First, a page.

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Wednesday, September 7, 2011

An EC choice to make

The Straits Times
Sep 7, 2011
An EC choice to make
Exec condos now offer much better value for money than DBSS flats

By Jessica Cheam

THERE is some talk in recent months that Singapore's red-hot property market is finally cooling somewhat, dampened by global economic uncertainty and fears of a property bubble.

But one segment of the market still sizzles: executive condominiums (ECs), which have Housing Board-style ownership restrictions but all the facilities of private condominiums.

Hundreds of people turned up at the launch of the latest EC project, Arc at Tampines, last week to view the showflat before balloting for buyers starts tomorrow for the Hoi Hup Realty-led project.

In July, buyers snapped up 568 EC units - mostly at Blossom Residences in Bukit Panjang and RiverParc Residence in Punggol. The number boosted sales of new private homes, which climbed 40 per cent to 1,954 units, from 1,394 units in June.

The numbers are a stunning turnaround for a type of housing which only a few years ago had so few takers that the Government stopped supplying land for ECs altogether.

ECs were introduced in 1996 to provide a new housing option for the 'sandwich class' of middle-income buyers who aspired to private condo-style living but were unable to afford the prices.

ECs boast facilities of private estates such as swimming pools and a gated community, but are subject to such HDB rules as an income ceiling for buyers and minimum occupation period before they can be sold. They are considered a hybrid of public and private housing on purchase, but are converted into private housing after 10 years, when units can be sold freely, including to foreigners.

From the introduction of the scheme till 2005, 23 ECs were launched, the last at La Casa in Woodlands. Then, in 2005, as the property market dipped, there was a supply glut. Property prices fell across the board. Hopes of massive capital gains for those who bought ECs earlier vaporised. New buyers could also afford private condos, and did not need ECs. This category of housing became unattractive and the Government stopped releasing land to build ECs.

The HDB was also just launching its Design, Build and Sell Scheme (DBSS) to let private developers build and sell public housing, promising home-buyers more innovative designs.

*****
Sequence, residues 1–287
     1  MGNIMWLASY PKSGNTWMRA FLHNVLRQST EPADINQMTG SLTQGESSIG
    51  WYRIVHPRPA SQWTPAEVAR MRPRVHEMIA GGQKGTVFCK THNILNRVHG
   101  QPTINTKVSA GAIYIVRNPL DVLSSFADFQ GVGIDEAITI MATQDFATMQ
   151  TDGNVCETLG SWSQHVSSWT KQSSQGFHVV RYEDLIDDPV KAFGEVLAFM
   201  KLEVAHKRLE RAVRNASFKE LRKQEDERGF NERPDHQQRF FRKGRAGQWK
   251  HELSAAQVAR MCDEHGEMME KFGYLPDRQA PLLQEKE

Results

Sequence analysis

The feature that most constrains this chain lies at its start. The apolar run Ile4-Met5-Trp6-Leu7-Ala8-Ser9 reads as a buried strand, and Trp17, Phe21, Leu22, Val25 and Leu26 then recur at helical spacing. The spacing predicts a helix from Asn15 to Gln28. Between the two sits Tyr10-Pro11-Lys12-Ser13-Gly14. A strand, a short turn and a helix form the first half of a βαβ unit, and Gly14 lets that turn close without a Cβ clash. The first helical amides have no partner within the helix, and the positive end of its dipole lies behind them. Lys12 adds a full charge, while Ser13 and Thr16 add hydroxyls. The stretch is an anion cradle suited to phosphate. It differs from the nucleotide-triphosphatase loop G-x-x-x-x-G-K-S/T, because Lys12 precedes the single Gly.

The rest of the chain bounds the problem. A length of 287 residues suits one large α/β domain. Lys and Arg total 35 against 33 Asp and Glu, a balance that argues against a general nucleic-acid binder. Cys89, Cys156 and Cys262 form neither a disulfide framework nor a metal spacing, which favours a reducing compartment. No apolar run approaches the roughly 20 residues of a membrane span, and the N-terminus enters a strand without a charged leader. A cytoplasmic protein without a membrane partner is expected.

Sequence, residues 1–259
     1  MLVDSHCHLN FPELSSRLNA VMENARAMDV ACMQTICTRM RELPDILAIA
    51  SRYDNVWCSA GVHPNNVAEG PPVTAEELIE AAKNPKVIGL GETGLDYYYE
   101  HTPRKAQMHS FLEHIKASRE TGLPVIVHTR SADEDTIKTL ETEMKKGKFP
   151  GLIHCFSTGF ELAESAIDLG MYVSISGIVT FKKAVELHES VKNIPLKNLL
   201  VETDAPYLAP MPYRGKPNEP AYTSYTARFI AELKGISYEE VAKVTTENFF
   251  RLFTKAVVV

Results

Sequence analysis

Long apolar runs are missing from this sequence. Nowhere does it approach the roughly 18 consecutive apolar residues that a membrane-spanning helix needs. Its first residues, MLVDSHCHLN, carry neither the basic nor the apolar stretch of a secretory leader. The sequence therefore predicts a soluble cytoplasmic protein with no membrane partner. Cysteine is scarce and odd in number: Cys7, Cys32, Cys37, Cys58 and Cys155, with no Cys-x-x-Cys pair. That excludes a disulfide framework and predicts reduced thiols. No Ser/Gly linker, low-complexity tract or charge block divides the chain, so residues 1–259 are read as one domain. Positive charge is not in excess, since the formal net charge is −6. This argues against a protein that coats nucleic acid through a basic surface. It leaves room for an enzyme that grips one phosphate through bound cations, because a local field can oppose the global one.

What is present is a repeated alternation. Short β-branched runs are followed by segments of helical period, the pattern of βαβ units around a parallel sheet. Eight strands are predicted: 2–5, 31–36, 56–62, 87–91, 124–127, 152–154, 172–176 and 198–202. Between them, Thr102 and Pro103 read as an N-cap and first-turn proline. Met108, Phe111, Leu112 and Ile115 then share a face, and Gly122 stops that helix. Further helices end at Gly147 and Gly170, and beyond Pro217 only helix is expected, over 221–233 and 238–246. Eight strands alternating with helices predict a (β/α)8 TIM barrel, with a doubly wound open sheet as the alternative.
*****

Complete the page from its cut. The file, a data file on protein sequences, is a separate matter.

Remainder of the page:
Analysts even said then that the Government may scrap ECs if DBSS proved successful since both types of housing target the same group - young families from the middle-income group.

How things have changed in five years. Today, it is ECs that are popular and the DBSS scheme that has become unattractive.

The HDB is reviewing the DBSS programme. National Development Minister Khaw Boon Wan has suspended all future land sales for DBSS projects, even while 11 sites have been sold as EC projects since last March.

Why the reversal of fortunes?

First, the perception now is that ECs offer much better value for money. Private property prices have climbed to record highs and put homes out of the reach of many aspiring HDB owners, but some ECs remain affordable.

The Arc at Tampines may have set new records for EC prices at slightly above $700 psf. But it is still much cheaper than similar mass-market condos in the area such as Waterfront Gold, launched at just below $1,000 psf earlier this year.

One reason for the lower prices is that under HDB rules, only families who are citizens can buy ECs. There is an income ceiling, which was recently raised from $10,000 to $12,000 a month. First-time buyers also qualify for various housing grants.

In contrast, DBSS flats have been priced at a big premium over new subsidised HDB flats, which are their competitors. The Centrale 8 project in Tampines was priced in the $600 psf to $700 psf range - almost double that of comparable build-to-order (BTO) HDB flats.

Secondly, resale conditions favour buyers of ECs. After five years, DBSS flats become HDB resale flats, which are subject to HDB ownership restrictions which change from time to time. The latest rules prohibit foreigners and private property owners from buying HDB resale flats. In contrast, ECs eventually become private property, which can be sold to any Singaporean after five years, and to foreigners after 10.